Ph.D., 1971. Oregon State University
M.S., 1968. University of New England
BS., Agronomy. 1966. University of Adelaide
Dr. Derek R. Byerlee, originally from a South Australian sheep/wheat farm, hasdedicated his career to agriculture in developing countries, as a teacher, researcher, administrator and policy advisor. He has lived and worked for a total of 20 years in the three major developing regions - Africa, Asia, and Latin America.
He began his development career as an Agricultural Development Officer, 1967, Papua New Guinea. He joined academia in 1971 at Michigan State University, working as an Assistant and Associate Professor with a group of faculty and students conducting among some of the first comprehensive rural household surveys in Africa. He was also posted by MSU as a Research Fellow, 1973-74, at Njala University College, Sierra Leone. After leaving MSU in 1978, he continued informal collaboration over his entire career with many MSU faculty, students and projects focused on food policy and food security in developing countries.
In 1978 he joined the International Maize and Wheat Improvement Center (CIMMYT), and spent the bulk of his career there, working as an economist and research manager. At CIMMYT he made notable contributions in forging a new spirit of collaboration between scientists, economists and farmers. He also published widely on efficiency of research systems, spillovers, and sustaining productivity in post green revolution agriculture. He was a Visiting Professor, 1986, at the University of Minnesota; and in 1992 at Cornell University.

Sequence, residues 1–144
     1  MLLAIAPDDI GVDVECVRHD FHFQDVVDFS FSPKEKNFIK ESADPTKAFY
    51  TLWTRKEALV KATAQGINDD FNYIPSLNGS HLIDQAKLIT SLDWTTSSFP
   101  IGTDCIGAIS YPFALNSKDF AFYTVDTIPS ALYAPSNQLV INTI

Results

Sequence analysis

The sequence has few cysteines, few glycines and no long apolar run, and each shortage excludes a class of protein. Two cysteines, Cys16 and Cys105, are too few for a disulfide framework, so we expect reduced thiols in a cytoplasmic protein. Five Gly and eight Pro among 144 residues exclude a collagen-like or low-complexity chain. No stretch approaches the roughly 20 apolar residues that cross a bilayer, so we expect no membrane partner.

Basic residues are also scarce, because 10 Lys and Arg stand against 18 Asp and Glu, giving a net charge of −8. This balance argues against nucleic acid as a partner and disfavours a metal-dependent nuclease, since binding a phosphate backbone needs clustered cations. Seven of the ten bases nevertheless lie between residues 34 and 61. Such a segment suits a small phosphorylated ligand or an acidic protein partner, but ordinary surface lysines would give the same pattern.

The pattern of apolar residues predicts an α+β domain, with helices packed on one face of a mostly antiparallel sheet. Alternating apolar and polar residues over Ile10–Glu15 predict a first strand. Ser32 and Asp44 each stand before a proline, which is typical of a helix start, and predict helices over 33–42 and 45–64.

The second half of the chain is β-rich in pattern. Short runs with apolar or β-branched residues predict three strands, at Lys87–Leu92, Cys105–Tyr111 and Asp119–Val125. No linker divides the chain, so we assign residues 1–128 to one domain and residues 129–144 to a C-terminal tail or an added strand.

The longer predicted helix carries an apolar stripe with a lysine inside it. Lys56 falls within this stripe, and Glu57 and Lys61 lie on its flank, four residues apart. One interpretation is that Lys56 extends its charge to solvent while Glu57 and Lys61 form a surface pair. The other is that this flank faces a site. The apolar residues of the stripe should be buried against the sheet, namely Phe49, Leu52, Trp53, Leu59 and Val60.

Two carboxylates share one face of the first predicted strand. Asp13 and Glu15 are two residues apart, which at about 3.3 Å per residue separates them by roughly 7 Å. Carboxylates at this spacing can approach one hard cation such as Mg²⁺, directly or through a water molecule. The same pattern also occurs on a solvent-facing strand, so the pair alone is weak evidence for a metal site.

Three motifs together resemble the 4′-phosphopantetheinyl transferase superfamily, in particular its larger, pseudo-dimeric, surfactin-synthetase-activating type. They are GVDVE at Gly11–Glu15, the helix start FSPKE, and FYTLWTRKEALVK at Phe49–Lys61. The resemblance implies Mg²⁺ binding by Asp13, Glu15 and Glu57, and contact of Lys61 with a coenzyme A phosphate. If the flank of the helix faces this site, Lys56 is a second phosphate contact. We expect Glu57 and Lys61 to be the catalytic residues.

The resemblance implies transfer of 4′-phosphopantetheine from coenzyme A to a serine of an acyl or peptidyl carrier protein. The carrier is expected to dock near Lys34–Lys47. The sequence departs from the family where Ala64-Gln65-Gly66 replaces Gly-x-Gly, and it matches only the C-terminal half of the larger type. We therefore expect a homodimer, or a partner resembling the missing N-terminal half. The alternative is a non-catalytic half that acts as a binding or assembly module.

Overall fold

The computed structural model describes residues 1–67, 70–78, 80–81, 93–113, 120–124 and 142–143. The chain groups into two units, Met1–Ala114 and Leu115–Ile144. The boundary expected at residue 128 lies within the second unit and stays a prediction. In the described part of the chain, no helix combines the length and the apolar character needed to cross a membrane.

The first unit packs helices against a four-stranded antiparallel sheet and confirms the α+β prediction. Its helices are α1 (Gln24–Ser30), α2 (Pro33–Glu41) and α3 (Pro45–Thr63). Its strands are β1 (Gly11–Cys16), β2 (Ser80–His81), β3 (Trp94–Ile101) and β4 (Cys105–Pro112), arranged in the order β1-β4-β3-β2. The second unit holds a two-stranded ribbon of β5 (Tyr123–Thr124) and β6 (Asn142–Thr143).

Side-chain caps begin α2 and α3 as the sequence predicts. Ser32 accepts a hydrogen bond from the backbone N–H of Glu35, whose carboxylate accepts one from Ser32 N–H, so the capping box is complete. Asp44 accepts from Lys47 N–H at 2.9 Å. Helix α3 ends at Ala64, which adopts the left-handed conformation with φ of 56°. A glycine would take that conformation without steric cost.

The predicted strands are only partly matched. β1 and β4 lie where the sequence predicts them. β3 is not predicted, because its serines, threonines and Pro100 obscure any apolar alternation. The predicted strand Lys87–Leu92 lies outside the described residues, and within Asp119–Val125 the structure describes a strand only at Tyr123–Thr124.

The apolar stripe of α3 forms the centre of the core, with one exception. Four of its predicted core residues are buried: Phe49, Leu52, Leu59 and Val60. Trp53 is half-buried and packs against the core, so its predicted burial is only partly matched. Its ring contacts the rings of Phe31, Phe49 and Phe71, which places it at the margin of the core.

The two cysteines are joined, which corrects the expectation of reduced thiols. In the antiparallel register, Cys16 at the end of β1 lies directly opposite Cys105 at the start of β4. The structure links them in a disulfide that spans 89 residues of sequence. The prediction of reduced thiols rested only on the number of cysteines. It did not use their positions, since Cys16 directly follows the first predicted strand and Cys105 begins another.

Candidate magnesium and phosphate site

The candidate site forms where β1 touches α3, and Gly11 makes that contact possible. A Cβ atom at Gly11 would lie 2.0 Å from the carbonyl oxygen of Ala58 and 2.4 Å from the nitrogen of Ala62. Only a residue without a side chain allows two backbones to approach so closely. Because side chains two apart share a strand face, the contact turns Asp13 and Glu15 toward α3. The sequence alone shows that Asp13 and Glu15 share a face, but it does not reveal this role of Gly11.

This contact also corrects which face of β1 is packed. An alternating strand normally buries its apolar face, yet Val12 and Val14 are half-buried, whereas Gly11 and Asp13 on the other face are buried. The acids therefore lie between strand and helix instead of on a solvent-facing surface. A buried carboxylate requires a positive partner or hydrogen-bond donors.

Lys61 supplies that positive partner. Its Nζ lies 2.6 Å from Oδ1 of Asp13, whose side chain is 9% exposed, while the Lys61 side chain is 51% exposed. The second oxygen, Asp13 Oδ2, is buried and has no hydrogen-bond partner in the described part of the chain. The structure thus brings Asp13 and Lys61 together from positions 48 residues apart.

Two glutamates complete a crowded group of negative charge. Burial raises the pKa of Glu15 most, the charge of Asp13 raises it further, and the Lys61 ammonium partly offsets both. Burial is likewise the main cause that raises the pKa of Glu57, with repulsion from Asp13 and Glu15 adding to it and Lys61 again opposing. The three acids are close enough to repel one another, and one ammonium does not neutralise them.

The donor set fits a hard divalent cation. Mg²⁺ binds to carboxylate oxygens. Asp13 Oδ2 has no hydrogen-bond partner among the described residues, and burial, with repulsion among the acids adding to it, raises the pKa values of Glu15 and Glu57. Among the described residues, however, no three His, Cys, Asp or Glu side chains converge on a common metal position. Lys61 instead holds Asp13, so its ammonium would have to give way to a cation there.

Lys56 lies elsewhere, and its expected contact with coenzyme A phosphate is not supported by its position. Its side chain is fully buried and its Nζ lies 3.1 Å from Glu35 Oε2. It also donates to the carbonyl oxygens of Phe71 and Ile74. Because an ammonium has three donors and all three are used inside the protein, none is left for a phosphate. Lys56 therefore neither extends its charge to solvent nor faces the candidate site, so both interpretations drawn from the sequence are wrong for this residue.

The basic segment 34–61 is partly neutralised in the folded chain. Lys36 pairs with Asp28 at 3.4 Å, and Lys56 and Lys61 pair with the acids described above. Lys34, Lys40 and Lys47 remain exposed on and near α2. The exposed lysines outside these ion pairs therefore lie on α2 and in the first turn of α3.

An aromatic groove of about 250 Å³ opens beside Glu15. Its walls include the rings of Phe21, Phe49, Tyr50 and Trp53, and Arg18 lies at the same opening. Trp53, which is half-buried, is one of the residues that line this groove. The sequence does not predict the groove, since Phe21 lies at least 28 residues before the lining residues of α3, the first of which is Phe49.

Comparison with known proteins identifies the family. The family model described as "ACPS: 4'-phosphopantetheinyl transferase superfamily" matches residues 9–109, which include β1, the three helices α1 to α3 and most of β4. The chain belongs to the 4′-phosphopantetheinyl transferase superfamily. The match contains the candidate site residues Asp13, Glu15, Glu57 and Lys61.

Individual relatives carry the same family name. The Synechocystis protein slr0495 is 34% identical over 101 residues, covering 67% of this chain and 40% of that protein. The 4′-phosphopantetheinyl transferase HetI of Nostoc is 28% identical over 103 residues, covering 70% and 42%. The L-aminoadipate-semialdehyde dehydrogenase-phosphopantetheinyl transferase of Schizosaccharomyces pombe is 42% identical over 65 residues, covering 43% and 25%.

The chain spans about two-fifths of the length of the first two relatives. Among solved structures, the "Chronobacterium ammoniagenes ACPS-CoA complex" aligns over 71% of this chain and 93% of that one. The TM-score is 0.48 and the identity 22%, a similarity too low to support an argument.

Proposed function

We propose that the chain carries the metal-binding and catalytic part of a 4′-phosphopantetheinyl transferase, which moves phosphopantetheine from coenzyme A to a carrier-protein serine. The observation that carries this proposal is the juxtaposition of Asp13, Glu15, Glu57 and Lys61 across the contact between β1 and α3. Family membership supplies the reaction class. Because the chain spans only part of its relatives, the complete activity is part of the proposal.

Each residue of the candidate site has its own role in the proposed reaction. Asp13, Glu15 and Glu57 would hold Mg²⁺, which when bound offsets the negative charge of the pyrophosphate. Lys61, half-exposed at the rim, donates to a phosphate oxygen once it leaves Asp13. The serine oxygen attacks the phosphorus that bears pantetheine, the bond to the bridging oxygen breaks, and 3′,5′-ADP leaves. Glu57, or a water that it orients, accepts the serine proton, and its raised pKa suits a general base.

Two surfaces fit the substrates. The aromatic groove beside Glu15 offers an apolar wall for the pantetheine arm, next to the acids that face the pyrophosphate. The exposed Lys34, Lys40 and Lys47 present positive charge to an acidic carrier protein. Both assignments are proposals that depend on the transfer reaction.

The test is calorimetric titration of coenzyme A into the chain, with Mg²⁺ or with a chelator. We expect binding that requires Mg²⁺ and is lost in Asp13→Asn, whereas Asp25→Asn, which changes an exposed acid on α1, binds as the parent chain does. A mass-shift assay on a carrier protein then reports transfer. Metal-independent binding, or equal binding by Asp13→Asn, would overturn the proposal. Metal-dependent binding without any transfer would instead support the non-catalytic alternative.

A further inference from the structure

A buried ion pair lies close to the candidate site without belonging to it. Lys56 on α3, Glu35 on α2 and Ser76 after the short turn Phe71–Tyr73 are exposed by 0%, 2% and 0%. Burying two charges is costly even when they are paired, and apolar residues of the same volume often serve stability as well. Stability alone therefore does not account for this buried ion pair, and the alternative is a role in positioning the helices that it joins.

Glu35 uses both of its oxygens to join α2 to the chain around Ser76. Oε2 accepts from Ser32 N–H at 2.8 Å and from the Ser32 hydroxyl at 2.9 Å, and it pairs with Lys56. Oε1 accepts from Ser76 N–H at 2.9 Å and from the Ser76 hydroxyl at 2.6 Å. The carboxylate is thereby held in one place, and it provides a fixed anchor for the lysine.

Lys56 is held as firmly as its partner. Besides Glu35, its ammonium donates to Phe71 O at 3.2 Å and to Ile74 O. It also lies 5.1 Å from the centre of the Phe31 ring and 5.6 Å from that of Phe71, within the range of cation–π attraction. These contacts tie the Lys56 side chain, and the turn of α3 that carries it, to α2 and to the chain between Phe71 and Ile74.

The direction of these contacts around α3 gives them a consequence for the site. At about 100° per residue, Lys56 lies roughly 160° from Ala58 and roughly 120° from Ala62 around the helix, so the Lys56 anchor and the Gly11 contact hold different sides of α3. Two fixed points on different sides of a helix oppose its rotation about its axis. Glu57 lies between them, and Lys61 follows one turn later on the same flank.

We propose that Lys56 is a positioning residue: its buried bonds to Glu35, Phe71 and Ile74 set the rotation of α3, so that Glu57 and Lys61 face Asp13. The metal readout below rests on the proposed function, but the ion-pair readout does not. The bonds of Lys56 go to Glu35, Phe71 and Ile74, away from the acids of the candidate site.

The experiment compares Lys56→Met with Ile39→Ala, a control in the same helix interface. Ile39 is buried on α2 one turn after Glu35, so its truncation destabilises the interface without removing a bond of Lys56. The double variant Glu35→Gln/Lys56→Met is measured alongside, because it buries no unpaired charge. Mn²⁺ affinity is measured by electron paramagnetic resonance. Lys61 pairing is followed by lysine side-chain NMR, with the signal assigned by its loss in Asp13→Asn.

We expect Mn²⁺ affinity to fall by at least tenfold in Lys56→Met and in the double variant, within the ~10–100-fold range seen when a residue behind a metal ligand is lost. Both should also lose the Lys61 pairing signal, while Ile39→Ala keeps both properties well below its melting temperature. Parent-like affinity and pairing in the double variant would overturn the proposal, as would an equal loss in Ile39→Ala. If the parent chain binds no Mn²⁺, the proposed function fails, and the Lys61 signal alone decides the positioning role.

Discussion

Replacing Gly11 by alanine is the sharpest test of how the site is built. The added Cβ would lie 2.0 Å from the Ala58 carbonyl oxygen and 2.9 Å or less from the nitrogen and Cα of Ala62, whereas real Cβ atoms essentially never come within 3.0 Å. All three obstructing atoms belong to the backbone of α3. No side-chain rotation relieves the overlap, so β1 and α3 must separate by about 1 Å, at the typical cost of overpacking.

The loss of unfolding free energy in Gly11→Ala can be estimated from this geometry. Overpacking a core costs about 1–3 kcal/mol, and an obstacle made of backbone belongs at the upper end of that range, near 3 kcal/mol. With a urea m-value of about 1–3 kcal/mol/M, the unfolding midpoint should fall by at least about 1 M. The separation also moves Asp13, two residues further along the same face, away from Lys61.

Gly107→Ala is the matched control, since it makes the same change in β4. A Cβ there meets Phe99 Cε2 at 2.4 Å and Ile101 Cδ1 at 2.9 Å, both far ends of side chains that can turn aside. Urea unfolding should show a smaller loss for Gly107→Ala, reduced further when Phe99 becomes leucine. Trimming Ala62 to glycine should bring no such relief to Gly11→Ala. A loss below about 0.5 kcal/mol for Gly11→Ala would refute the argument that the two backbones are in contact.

After joining the World Bank in 1994, as a Lead Economist, over the period 1994 - 2003 he applied his experience of research systems to finding innovative approaches to funding and organizing agricultural research, including emerging challenges in biotechnology policy. From 2003 to 2008, he provided strategic direction and led policy world for the agricultural and rural sector in the World Bank. He was also Lead Economist for the Agricultural and Rural Development in the Country Office for Ethiopia and Sudan, based in Addis Ababa. He capped his career in the Bank by co-directing preparation of the Bank’s flagship World Development Report 2008, the first on agriculture since 1982.
He retired from the World Bank in 2011 and has continued working with a number of international organizations with a focus on investmentin agribusiness, large-scale farming and intensification and land use. He also began to write and publish on agricultural history exploring the rise, fall and impacts of plantation agriculture for tropical commodities.
Throughout his career he has served as adviser and mentor for numerous graduate students, many of them affiliated with MSU. Two of those students, both from MSU, won AAEA awards for best thesis.
Current Funded Research Projects
Prior Funded Research Projects